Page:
Students should recognize equivalent fractions and be able to explain why they are equivalent.Using number lines or other models, students will recognize fractions that represent the same amount. For example, if a whole is broken into four pieces, two of these would be the same as one piece of that same whole if it had been broken into two pieces. Students will be able to see that if we divide the interval from 0 to 1 into b
pieces and mark the end of the b
th piece, then that is the location of the fraction b
. But it is also the end of the interval from 0 to 1, so it is the number 1. This shows b
is equivalent to 1. They also need to understand that 1/1 is one part when a whole is divided into one part; that is, a whole. So a
/1 is a parts, each of which is a whole. This shows that a
/1 = a
. Students should be able to compare fraction with the same numerator or denominator.
Understanding the Standard:
- Understand two fractions as equivalent (equal) if they are the same size, or the same point on a number line.
- Recognize and generate simple equivalent fractions, (e.g., 1/2 = 2/4 and 4/6 = 2/3). Explain why the fractions are equivalent, (e.g., by using a visual fraction model).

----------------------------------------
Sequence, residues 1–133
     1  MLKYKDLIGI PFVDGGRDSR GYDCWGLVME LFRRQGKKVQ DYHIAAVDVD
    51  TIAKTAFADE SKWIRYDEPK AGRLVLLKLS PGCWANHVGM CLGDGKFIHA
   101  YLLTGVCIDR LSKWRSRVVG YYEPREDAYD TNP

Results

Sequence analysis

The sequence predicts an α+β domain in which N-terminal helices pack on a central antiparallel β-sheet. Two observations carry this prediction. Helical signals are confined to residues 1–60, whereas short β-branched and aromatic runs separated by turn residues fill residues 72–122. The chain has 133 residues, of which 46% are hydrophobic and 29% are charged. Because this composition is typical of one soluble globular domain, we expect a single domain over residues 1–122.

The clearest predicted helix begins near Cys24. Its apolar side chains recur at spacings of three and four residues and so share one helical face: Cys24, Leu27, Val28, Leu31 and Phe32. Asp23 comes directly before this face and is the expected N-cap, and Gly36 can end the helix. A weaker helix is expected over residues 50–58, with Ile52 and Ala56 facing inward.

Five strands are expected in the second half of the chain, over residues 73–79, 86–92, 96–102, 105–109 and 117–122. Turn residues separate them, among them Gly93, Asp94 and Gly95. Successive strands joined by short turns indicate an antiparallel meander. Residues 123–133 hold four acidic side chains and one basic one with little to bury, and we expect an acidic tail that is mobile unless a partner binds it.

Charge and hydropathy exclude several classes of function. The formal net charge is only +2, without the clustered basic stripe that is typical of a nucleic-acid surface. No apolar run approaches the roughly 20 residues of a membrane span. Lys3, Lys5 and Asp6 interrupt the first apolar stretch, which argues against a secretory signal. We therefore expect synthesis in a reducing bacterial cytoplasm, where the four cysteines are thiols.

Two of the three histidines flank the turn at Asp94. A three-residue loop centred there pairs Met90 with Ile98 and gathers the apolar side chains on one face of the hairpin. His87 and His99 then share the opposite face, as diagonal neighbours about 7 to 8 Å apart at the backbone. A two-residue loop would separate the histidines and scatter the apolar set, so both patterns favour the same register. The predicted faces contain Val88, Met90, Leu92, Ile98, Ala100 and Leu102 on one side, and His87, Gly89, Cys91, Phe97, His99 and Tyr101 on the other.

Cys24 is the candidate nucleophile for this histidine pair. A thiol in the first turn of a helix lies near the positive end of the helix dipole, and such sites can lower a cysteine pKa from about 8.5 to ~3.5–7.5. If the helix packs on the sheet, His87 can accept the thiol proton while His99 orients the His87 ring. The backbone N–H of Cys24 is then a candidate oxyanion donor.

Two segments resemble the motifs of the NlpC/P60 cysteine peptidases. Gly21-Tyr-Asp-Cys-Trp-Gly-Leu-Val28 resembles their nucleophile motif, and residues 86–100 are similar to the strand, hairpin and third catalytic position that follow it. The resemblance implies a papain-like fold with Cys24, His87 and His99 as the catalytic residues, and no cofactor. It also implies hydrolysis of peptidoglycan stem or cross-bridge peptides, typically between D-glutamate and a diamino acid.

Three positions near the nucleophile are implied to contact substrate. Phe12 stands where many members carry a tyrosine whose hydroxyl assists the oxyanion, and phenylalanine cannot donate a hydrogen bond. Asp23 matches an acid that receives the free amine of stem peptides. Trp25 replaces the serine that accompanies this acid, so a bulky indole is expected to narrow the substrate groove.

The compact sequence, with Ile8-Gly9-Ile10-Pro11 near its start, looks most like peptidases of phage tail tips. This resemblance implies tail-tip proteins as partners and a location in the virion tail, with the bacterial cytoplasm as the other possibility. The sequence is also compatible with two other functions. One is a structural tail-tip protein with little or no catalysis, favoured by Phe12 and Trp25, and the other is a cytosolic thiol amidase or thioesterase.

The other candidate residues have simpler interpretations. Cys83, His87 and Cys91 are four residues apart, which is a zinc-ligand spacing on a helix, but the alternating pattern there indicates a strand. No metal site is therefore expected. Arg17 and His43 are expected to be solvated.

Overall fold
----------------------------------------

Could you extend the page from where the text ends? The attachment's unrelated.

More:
- Express whole numbers as fractions, and recognize fractions that are equivalent to whole numbers. For example, express 3 in the form 3 = 3/1; recognize that 6/1 = 6; locate 4/4 and 1 at the same point on a number line.
- Compare two fractions with the same numeral or the same denominator by reasoning about their size. Recognize that comparisons are only valid when the two fractions refer to the same whole. Record the results of comparisons with the symbols <, +, or > and justify the conclusions (e.g., by using a visual fraction model).
- The use of manipulatives and visual models is extremely helpful. Students can construct models that will represent the sizes of two different fractions as parts of a whole that two different fractions have within an object. By superimposing transparent number lines on one another, students can discover that fractions such as 1/2 and 3/6 are equivalent.
- Students will need opportunities to compare fractions and order them using numeric representation and visual models.
- Students will represent whole numbers as fractions. For example, if some celery sticks (of equal length) were cut into six equal pieces, then students could see that the fraction 6/6 represents six pieces, which is the same amount as one. Similarly, 12/6 represents 12 pieces, which together make up two celery sticks; therefore, 12/6 = 2.
Questions to Focus Learning:
- Can students identify fractions that share a common numerator or denominator by creating a visual or model?
- Are students able to order fractions according to their size?
- Can students choose a fraction that is equivalent to a given fraction?
- Can students represent a give whole number as a fraction?
- Can students recognize a fraction of the form b/b as equivalent to 1?
Students can identify and write fractions as pictures, symbols, and words.
At Grade Level:
Students are able to compare fractions to one another and to whole numbers. They are also able to think of an equivalent fraction for a given fraction like 1/2 (example 2/4).